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Download links and information about Mouth=Maul=Betrayer by Zeena Parkins. This album was released in 1996 and it belongs to Avant Garde Jazz, Avant Garde Metal, Alternative, Classical genres. It contains 15 tracks with total duration of 52:10 minutes.

Artist: Zeena Parkins
Release date: 1996
Genre: Avant Garde Jazz, Avant Garde Metal, Alternative, Classical
Tracks: 15
Duration: 52:10
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No. Title Length
1. Benya Krik / Zero Hour 6:52
2. Wie Sieben Meilen Miesen Dirach 1:40
3. Betrayer 3:38
4. Torrid Zone 4:38
5. Dough / Weaponistic Charms / Italyid 8:23
6. No Thing 2:43
7. Simcha 3:44
8. Chase 2:16
9. Hod 3:06
10. Ice Pick / the Dasher 3:08
11. Red 0:37
12. 2Gun 2:53
13. Abbaddabbah 4:41
14. Lucky 1:28
15. Nails 2:23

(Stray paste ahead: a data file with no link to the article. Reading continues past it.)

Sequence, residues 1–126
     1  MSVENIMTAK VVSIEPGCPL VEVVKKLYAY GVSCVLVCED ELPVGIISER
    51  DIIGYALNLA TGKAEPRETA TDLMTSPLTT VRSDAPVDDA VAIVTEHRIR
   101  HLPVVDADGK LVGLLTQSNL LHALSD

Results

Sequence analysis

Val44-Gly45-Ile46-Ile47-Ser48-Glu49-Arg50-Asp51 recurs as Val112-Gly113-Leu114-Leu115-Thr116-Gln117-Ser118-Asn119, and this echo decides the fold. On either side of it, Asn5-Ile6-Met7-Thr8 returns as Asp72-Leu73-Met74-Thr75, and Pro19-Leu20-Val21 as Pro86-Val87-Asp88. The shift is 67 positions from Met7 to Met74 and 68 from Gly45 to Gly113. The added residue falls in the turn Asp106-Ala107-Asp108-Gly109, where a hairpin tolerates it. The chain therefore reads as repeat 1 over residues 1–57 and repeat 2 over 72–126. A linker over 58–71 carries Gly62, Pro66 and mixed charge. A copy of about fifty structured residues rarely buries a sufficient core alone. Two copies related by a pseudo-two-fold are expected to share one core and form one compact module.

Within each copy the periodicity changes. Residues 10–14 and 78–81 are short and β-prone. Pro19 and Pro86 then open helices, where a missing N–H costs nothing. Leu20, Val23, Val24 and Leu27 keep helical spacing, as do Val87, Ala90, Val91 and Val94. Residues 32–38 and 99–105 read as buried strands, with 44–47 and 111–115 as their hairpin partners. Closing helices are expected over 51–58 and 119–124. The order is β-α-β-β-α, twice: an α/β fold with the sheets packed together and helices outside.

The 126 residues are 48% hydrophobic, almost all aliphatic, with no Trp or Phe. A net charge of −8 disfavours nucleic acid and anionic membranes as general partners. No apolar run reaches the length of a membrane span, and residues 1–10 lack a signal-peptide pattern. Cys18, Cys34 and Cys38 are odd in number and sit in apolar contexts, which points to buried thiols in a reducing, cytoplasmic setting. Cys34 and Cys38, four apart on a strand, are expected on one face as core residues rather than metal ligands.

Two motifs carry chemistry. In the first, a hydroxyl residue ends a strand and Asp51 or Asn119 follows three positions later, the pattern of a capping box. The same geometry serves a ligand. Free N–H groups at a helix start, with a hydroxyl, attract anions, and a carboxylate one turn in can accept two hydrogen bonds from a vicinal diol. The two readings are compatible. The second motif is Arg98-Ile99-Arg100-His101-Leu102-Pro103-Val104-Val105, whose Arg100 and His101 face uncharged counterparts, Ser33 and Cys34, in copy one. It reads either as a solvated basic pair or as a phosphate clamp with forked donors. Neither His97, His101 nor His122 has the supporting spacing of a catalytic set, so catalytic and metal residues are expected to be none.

Part of the Radical Jewish Culture series put out by John Zorn's Tzadik label, Zeena Parkins' Mouth Equals Maul Equals Betrayer perhaps more than any other album lives up to the name of the series. This work is aggressive, energetic, intellectually complex, challenging, and highly structured. At times it reads like the soundtrack to a classic gangster film of the '40s — the music is often not a stylistic match for that time period, but the feeling of violence and darkness is communicated throughout. Indeed, this is a labor of Parkins' Gangster Band, the ensemble consisting of her sisters and several other supporting musicians, as well as it is a thematic work about gangsters themselves. The theme of Mouth Equals Maul Equals Betrayer is Jewish gangsters in Europe and the U.S. Several spoken word samples help set the tone: archival tapes of New York City mayor La Guardia making a speech about ridding the city of corruption; the courtroom testimony of Bugsy Siegel's mistress; and a few fascinating reconstructed pieces that are in a Yiddish-based thieves language called Rotwelsch. While the spoken word bits do make an invaluable contribution to this album, what really shines are the composition as a whole and the musical scenes within it that evoke a variety of moods. Melodic lines ranging from blues-influenced guitar jams to beautiful chamber pieces to sonic assaults weave and slap each other around, reflecting the changing moods of gangsters themselves. This music exists on the edge of contemporary composition, but everywhere it stretches, it grasps and holds on solidly to what Parkins was trying to achieve, making the striving all the more triumphant.